The Individual Mandate and a Precarious Balancing Act


    On March 23, 2010, Congress passed The Patient Protection and Affordable Care Act, commonly referred to as “Obamacare.” Two years later, the Obama administration is sweating out the Supreme Court’s consideration of the law. While some thought the Supreme Court may kick the can down the road by ruling on a technicality based on the 1867 Anti-Injunction Act, it seems based on the three days of oral arguments that the justices plan to issue a substantive ruling.

    The biggest thorn of constitutionality comes from the, “individual mandate,” provision which requires all individuals to obtain minimal essential health insurance coverage or pay a ,“penalty,” unless exempted by religious beliefs or financial hardship. This provision is important in controlling costs as the theory of insurance relies on large numbers or pools of people to spread the risk and costs. What better way to increase the pool than making it a legal obligation? One of the reason single-payer public health insurance is advantageous is it would put all Americans in one risk pool instead of the costly fragmented numerous insurance pools dominating the country now.

    So then how should the Supreme Court rule on the individual mandate? Both the plantiffs and the government have good arguments for the constitutionality of the mandate. The plantiffs argue that while Congress has the power to regulate interstate commerce under Article I, Section 8 of the Constitution, the statutory individual mandate requires consumers to enter the private market and purchase a private good, more a regulation of individual behavior than interstate commerce.

    Furthermore, state regulations and inability of interstate insurance competition forces individuals to purchase insurance from a few, large, in-state insurance providers. This reality reinforces the idea that Congress is not regulating interstate commerce in this instance since consumers can’t purchase insurance across state lines. A dangerous precedent of government mandates into individual behavior could take root if this provision is found constitutional.

    However, the government gave its two-cents as well. Solicitor General Verrilli argued that health insurance and health care are two inseparable and indistinguishable markets. All citizens consume health care at some point and those without health insurance tend to make expensive hospital visits. Those hospital visit costs are passed along to insurance holders through higher premiums.

    There is also the normative argument that health insurance is a good consistent with the theory of government correction of market imperfections and should therefore be removed as a private commodity. While health insurance may not be a pure public good in that it’s non-rival and excludable, goods tend to be publically provided if private market provision leads to excessive inefficiency. It can be reasonably argued that private health insurance creates a significant market imperfection through its external marginal costs of waste, subsequent deadweight loss of uninsured individuals, and wasteful healthcare spending. If the justices assume this position, then it becomes more acceptable to allow Congress to force individuals to purchase or consume a public good over a private good.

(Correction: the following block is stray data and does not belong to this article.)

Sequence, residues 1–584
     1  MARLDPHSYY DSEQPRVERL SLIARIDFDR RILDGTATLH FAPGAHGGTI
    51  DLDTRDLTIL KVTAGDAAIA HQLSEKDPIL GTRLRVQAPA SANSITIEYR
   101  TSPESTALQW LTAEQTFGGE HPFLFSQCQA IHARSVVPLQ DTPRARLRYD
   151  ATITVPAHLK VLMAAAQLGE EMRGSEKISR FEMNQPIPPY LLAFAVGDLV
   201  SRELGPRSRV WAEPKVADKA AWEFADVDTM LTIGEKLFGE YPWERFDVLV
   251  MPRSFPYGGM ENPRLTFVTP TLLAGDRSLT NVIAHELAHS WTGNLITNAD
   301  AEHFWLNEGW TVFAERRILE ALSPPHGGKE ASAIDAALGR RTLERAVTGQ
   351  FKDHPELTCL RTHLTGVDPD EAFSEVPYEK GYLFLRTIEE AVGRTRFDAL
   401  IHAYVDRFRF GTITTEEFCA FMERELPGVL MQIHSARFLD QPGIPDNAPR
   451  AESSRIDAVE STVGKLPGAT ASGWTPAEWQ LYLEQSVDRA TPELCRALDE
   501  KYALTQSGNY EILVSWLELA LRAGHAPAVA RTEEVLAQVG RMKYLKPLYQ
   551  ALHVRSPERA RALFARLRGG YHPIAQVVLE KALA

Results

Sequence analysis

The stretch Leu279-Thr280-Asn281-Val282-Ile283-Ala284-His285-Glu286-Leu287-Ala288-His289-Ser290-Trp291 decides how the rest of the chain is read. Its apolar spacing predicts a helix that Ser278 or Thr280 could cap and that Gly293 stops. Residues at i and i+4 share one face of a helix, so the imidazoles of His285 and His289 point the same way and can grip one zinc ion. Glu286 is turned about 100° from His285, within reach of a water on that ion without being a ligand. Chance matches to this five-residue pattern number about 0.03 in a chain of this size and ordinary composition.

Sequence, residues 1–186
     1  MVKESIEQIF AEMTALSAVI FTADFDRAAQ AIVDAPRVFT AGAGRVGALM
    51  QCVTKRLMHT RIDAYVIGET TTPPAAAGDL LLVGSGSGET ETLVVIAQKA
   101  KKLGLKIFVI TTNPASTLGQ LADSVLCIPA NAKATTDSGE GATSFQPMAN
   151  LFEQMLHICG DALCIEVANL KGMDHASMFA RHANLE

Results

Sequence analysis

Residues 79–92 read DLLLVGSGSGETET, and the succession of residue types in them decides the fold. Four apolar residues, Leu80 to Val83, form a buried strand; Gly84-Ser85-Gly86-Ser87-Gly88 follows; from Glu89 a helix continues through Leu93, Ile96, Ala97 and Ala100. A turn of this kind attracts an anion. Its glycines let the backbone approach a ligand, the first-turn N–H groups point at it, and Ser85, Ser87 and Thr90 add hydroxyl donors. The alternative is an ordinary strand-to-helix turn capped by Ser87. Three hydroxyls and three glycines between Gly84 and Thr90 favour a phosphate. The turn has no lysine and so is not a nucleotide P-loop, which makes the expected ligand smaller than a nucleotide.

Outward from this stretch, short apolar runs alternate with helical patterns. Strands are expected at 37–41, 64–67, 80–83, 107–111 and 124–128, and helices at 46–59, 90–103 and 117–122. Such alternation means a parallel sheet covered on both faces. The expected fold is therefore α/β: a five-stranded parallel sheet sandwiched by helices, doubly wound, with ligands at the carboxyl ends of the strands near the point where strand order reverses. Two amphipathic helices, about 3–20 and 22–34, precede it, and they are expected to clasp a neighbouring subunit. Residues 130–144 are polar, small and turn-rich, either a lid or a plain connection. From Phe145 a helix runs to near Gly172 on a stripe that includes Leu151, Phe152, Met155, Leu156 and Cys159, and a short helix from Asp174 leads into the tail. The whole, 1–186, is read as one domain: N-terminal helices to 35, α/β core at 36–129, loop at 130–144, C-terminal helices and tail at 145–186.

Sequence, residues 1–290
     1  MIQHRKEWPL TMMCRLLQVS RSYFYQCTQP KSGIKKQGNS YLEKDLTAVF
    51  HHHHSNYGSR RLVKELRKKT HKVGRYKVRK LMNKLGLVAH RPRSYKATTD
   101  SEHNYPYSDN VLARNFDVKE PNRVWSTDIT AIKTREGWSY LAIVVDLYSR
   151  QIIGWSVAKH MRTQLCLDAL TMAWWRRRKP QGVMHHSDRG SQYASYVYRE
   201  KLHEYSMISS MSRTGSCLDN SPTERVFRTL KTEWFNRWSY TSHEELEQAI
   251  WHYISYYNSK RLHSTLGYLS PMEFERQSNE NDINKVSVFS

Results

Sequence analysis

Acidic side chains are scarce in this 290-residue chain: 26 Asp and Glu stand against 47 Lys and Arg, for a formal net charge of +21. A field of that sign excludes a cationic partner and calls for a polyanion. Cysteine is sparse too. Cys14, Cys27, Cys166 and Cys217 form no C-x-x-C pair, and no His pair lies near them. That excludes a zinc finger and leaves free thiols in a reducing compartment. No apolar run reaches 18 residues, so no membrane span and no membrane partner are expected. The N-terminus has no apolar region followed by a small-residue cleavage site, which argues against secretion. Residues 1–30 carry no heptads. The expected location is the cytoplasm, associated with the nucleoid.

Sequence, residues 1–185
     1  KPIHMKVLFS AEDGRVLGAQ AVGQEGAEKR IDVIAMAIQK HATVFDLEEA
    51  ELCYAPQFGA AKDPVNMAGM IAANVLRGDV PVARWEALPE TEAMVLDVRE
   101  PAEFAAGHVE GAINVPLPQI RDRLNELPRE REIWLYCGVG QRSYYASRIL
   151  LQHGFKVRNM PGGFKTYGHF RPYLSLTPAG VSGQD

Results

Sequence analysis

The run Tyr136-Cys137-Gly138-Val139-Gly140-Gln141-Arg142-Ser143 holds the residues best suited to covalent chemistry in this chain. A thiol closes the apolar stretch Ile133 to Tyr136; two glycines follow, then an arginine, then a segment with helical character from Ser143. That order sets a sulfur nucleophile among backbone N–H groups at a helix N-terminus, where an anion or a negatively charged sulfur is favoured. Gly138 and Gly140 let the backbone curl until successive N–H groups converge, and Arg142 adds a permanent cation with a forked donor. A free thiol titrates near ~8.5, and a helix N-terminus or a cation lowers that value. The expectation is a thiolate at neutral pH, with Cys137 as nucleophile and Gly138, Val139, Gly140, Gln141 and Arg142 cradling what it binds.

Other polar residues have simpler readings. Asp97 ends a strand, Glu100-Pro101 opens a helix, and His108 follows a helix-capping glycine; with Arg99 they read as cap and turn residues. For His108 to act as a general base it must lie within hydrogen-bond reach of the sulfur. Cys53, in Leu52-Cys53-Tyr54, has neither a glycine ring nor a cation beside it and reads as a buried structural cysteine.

But, the reality of the health insurance market is it is a private commodity for some and a public good for others and therefore it becomes difficult to rely on an argument of this nature.

    So which argument is more salient? I believe both arguments have their merits and I’m truly unsure which one is stronger. I personally believe in health insurance as a publically provided good and thus have a hard time rejecting the government’s argument but also I accept the plaintiff’s argument too on Constitutional limits.

    The Supreme Court should take this opportunity to clean up the mess of 14th Amendment and Commerce Clause precedents. In the 1870s, the Court ruled that the 14th Amendment does not apply to private businesses (agents of the states). Thus, in the 1960s, Congress and the Court used the Commerce Clause to enforce civil rights legislation instead of the 14th Amendment. By reversing the precedents of the 1870s over the 14th Amendment, the Court could return the Commerce Clause to its proper use without perverting civil rights. A new precedent of the 14th Amendment would allow for an individual mandate to stand on firm Constitutional ground and provide the benefits of expanded coverage to society.

    Given the history of haphazard jurisprudence emanating from the Supreme Court, this outcome is very unlikely and the fate of the individual mandate hangs in the balance.